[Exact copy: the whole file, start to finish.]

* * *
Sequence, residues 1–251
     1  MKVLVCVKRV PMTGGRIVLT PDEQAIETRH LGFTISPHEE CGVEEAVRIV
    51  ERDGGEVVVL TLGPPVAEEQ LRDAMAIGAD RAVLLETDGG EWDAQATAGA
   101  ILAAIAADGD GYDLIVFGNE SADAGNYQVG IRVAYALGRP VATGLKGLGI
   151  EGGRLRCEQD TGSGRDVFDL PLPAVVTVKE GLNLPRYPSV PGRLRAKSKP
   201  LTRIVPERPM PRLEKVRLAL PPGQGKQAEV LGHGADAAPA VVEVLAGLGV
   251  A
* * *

Sequence, residues 1–251
     1  MKVLVCVKRV PMTGGRIVLT PDEQAIETRH LGFTISPHEE CGVEEAVRIV
    51  ERDGGEVVVL TLGPPVAEEQ LRDAMAIGAD RAVLLETDGG EWDAQATAGA
   101  ILAAIAADGD GYDLIVFGNE SADAGNYQVG IRVAYALGRP VATGLKGLGI
   151  EGGRLRCEQD TGSGRDVFDL PLPAVVTVKE GLNLPRYPSV PGRLRAKSKP
   201  LTRIVPERPM PRLEKVRLAL PPGQGKQAEV LGHGADAAPA VVEVLAGLGV
   251  A